One of the few surviving films of Leatrice Joy, the wife of screen heartthrob John Gilbert, The Clinging Vine is a typically frothy '20s comedy: Mannish and efficient executive secretary Antoinette Allen (Joy), known colloquially as A.B., is the real power behind Bancroft Paint ("the kind that comes in a bucket," as an intertitle helpfully explains). A.B. fires Grandpa Bancroft's carefree grandson, Jimmy (Tom Moore), via Western Union and Bancroft (Robert Edeson) leaves it up to the youngster to charm the secretary into giving him his job back. Jimmy, of course, assumes A.B. to be a sexless spinster in sensible shoes and doesn't recognize the flirtatious beauty he meets at the Bancroft garden party. With a lot of help from Grandma Bancroft (Toby Claude, who, a title explains, "crosses a lemon with a dressmaker's bill and produces a peach"), A.B. has become Antoinette, a "clinging vine" who only knows two sentences: "Do go on!" and "Aren't you wonderful!" Do Antoinette and Jimmy fall in love at first sight? Why, of course they do, and now it is truly up to Antoinette to become the woman behind the man. It is all extremely silly, slightly chauvinistic, and at times quite beguiling. Grandma Bancroft is the kind that glides down the banister and a rather trying comedian named Snitz Edwards is high up in the Bancroft corporation. Enough said. Neither Joy nor director Paul H. Sloane are much remembered but The Clinging Vine's executive producer is: Cecil B. De Mille. In fact, the comedy harkens back to the kind of fluffy make-believe De Mille used to do with his star discovery Gloria Swanson. And while Leatrice Joy is perhaps no Swanson, she is mightily believable as both the before and after Antoinette and a natural comedienne.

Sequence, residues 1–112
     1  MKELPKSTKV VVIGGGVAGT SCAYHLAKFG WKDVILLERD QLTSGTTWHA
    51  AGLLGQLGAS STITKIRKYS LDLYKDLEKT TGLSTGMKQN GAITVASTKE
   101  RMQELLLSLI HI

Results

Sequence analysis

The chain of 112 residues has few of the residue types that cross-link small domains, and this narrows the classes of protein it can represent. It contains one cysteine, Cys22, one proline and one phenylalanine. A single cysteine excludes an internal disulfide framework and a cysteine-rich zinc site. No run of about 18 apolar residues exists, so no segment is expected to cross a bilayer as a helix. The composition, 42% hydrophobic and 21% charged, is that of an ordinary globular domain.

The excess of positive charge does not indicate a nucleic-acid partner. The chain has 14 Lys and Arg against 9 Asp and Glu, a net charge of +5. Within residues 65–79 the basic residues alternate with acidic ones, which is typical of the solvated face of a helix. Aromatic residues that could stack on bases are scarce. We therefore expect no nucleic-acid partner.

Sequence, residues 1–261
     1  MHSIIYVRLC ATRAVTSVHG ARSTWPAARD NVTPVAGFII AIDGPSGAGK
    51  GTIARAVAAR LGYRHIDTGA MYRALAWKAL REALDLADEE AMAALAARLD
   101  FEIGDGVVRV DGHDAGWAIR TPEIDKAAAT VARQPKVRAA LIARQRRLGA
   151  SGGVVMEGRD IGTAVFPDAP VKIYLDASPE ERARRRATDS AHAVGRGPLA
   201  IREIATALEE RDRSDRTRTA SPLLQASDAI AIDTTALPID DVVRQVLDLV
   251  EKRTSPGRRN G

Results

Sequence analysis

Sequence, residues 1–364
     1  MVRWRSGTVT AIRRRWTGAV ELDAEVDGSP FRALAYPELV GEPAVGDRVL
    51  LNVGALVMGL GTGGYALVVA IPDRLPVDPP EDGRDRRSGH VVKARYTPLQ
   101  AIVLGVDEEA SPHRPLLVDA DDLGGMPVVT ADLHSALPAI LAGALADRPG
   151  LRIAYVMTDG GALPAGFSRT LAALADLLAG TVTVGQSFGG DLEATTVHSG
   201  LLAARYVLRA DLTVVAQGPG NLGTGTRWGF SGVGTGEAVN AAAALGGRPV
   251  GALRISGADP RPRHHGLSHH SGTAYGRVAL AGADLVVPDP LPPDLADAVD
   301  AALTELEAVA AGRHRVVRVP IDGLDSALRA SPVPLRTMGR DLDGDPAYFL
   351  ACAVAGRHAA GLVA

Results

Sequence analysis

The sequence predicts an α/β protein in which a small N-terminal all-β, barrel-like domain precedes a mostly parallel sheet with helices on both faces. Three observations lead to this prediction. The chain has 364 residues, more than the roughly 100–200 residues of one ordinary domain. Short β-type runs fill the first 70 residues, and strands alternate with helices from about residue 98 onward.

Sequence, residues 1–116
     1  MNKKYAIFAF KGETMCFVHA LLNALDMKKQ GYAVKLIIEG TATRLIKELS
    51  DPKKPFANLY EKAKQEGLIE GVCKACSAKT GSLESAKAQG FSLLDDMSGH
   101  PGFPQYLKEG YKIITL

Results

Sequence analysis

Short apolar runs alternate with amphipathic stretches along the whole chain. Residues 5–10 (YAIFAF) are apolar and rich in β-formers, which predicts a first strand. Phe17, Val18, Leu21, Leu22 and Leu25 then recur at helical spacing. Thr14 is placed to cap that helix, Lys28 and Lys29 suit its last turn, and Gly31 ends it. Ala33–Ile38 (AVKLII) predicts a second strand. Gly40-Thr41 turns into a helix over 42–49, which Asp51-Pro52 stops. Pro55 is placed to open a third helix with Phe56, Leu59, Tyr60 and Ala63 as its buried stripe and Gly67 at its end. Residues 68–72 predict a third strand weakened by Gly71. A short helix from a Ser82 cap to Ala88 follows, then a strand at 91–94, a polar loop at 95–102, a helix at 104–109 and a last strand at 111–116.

by Hans J. Wollstein synopsis